It's clear that designing a user-friendly user interface is one of the really big challenges in technology. It's rarely done really well, and often disastrously bad.
I really like the Olympus Pen, but Olympus's menus... oh my gawd. (Maybe not "disastrous", but bad enough.)
I had only use the Pen Lite with auto ISO which I really like. But a couple days ago I wanted to change it to a specific ISO Setting. And despite my 13 years of experience with a similar number of camera, for the life of me I couldn't figure out how to do it!
I mean, setting the sensitivity, how much more basic does it get? Many cameras have a dedicated button for it.
It got worse, I had to hunt in the manual to find out how to do it. But I finally found it:
First I had to press the OK button to activate the "Live Control" screen. Hardly intuitive, the OK button is used to confirm settings, not starting them.
And then ISO didn't, contrary to my expectations, appear immediate and clearly on the Live Control screen. I had to scroll down beyond the first "page" to find it. Closer to the top was things like "focal length" (which I am not even sure what's used for, since most lenses tell this to the camera, it may be for the rarer instances that this does not happen) and Image Aspect Ratio, which I believe most users rarely change.
You would think that after well over a decade, camera settings had not only become pretty intuitive, but also found a set of standards, that they would be similar on most cameras. But far from it, they are all different, and most are pretty confusing.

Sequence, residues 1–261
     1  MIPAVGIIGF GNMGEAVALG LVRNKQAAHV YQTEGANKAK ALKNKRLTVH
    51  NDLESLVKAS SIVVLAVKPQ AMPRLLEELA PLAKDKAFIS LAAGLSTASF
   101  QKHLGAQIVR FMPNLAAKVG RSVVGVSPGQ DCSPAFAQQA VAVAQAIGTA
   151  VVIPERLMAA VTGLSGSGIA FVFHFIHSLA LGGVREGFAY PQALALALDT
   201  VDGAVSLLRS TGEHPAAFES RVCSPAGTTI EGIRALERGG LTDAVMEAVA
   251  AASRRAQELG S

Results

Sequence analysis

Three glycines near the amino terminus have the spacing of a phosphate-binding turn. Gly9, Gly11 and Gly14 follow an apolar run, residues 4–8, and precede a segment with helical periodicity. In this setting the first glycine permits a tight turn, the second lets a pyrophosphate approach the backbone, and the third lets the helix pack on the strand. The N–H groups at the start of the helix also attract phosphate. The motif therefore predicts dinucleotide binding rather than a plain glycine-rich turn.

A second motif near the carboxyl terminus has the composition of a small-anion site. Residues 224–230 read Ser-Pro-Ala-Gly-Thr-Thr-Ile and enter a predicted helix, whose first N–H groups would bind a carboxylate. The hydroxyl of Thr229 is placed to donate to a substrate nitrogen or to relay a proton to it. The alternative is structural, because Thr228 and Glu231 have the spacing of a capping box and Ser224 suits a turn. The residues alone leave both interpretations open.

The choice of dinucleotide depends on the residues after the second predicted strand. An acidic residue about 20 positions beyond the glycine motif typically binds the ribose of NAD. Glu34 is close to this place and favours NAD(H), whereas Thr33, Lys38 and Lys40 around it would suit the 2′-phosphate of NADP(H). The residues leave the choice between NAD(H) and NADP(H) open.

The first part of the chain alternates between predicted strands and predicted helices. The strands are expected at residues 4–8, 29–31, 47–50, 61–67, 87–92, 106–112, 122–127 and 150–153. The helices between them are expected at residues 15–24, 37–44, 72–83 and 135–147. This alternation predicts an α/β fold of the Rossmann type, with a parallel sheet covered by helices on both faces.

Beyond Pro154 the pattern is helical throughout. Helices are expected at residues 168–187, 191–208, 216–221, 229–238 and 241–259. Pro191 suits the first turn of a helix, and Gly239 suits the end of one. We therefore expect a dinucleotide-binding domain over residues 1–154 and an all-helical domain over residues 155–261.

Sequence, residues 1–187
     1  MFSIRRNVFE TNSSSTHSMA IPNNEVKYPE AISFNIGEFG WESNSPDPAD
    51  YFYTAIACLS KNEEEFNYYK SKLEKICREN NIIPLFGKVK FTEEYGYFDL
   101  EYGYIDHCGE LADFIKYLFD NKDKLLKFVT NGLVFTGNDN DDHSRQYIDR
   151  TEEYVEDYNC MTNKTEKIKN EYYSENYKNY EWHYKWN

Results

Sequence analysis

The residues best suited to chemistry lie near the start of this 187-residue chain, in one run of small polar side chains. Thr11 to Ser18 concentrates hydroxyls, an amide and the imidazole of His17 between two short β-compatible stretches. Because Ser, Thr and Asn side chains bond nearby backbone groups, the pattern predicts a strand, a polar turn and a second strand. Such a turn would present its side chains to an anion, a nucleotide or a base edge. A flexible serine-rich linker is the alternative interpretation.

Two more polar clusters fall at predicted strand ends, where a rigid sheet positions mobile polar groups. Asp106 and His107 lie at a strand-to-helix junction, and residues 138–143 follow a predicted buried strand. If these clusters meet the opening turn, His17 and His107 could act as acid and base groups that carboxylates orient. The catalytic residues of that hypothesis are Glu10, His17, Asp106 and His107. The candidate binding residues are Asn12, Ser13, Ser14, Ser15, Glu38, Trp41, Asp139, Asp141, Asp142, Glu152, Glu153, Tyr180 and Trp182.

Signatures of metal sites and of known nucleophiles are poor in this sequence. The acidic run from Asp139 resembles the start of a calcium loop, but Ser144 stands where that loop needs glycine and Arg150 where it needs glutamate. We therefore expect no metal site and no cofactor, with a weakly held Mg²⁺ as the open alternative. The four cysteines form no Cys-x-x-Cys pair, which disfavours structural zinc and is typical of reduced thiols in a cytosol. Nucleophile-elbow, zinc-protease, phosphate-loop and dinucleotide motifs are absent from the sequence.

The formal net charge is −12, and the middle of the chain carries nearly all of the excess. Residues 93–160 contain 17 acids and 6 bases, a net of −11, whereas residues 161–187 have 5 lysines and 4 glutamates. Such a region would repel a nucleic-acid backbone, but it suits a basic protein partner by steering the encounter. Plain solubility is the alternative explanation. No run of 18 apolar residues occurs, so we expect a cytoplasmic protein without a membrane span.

Another example: the Olympus cameras have a "Super Control Panel", which handily displays basically all the important settings of the camera on one screen. But guess what, this is by default turned off! And to turn it on, you have to go deep in the menus and know exactly what you're looking for, you will never stumble over it on your own. (It's even called SCP in the menus, who would guess that that stands for.) I only heard about it due to an article which reader Bert helpfully referred me to.
Sometimes you almost miss the good old Pentax K1000, durable (though actually not that heavy), cheap, and ultra simple, it had the aperture and the shutter speed to set, and that was about it. It didn't even have a friggin self timer! The camera was made and sold for over twenty years I believe, particularly schools loved it, it was cheap, durable, and it taught the basics without fancy distractions.
It also didn't have an on-off switch! You had to put on a lens cover to save battery. But it was fully operable without battery (of course without light metering though), a rarity. It sold over 3 million units between 1976 and 1997.
I never used it myself, I used a Konica TC and later a Pentax ME Super. I never used a manual camera, though it probably would have been good for me. Fortunately I liked to read about cameras (I tore through the dozen books about it the library had), so I picked up what aperture and shutter speed do.